Kevin Moye | Managing Editor
Twenty-five years ago, Nas forever changed the hip-hop world with his debut album “Illmatic”. The critically acclaimed album featured one of my favorite songs: “The World Is Yours”.
At the start of every school year, I am reminded of this song when realizing our place. Given its ever-increasing popularity, many students have begun to take college for granted; however, we should all view our college experience as incredibly seminal moments in our lives. Not only does it allow us to take agency over our futures, but it also gives students the chance to connect with themselves in ways which might otherwise be unavailable.
Of the United States population, only about 1/3 of our citizens boast a college degree. When looking at minority populations the image becomes even more astounding. Black and Hispanic populations in the US have significantly lower rates than the national average at 22.5% and 15.5%, respectively.
Minorities, in particular, have the most to gain from our college experience as it has long been touted as one of the strongest methods of fighting racial inequality. Former President Barack Obama had this to say about education in a speech he gave to NAACP: “There is no stronger weapon against inequality and no better path to opportunity than an education,” Obama said.
And there is a degree of merit to such claims. Completion of four-year college programs has shown to be one of the leading drivers behind social mobility. Researchers at Pew found that of children born into the lowest economic quintile, 90% of them who earned four-year degrees eventually ascended out of the bottom quintile.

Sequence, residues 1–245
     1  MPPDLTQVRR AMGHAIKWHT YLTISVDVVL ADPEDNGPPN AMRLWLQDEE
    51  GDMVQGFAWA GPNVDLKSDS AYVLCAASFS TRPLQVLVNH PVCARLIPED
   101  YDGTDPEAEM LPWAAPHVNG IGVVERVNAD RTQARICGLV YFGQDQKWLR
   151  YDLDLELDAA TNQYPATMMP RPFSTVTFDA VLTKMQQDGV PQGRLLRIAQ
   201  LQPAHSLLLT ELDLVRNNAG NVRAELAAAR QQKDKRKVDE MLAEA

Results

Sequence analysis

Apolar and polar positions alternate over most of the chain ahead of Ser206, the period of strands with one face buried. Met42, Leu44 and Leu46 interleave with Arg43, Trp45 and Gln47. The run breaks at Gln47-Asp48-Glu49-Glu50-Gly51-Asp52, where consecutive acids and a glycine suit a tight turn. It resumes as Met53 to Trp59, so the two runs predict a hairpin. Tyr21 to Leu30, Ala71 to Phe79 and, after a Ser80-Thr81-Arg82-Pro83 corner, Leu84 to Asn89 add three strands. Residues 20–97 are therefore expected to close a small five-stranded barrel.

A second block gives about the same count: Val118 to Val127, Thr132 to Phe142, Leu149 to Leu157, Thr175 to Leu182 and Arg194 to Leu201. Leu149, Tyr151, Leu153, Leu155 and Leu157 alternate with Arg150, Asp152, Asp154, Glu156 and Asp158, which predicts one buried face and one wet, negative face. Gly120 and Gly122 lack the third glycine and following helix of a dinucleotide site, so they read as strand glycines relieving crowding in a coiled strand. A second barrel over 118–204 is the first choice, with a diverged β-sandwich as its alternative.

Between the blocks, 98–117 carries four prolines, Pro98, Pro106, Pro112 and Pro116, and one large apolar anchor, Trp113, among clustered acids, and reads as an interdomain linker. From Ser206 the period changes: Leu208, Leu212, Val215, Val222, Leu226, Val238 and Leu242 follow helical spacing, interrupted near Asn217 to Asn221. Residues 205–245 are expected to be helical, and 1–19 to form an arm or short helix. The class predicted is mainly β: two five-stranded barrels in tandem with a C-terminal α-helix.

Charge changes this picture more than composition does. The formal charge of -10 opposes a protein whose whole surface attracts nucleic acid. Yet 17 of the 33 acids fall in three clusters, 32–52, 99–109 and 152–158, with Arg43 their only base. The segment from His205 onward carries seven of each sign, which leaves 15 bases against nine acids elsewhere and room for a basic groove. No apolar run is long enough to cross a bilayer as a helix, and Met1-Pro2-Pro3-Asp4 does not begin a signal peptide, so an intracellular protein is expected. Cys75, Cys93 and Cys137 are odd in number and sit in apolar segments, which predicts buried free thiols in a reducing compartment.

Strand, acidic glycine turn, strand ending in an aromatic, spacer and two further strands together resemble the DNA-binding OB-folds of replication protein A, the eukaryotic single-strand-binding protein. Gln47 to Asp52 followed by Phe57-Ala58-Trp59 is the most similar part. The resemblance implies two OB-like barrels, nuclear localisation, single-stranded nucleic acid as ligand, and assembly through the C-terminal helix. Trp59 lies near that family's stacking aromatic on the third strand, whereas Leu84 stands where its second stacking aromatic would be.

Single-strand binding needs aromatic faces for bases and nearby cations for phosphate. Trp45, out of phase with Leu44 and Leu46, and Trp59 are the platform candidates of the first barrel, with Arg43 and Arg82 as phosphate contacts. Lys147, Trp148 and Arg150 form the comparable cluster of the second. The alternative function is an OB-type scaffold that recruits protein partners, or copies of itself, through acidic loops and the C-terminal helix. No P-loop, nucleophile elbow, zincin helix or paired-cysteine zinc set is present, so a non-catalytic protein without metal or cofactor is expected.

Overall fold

College should also serve as a time to truly explore your identity. For most coming into college, this will be the first time you live independently. With that comes much responsibility, but also the freedom to live how you choose.
For minorities, I would particularly recommend using college as a way to explore the many facets in which your identity intersects with the world around you. Pick up a copy of the Nubian Message, connect with multicultural student organizations, or go to the various diversity events sponsored by the university. These are just a brief sample of the many ways students can foster deeper understandings of their own identities.
Our time at NC State will also offer us something that most of us were sadly deprived of in high school: the chance to interact with other minority students regularly. The specter of racism continues to haunt the education system in a multitude of ways. One of the ways in which it has manifested has been through the racial divide that is ever-present in advanced courses.
Classes within the Advanced Placement (AP) and the International Baccalaureate (IB) curriculums have the unintended effect of creating de facto segregation in otherwise integrated schools. Most of us at NC State are likely well-acquainted with these courses as they were the standard for being a competitive applicant. College provides us now with the time to finally interact with students of similar identities to ourselves on a much greater scale than what our K-12 educations ever provided.
At State, you should not only use your time connecting with the community’s closest to your identity, but you should also take the time to enhance your cultural competency by embracing cultures outside of your own. Whether that be through participating in forums about different communities, celebrating another group’s heritage month or simply getting to know fellow students that represent other identities – these events are the keys to maximizing the benefits one can receive by going to college.
The world can truly be yours if you allow yourself to interact with the abundance of opportunities that college has to offer. NC State provides the educational framework needed for us to gain access to social mobility, but it is ultimately up to us students to fully take advantage of the diverse resources that provide the framework for our own personal development.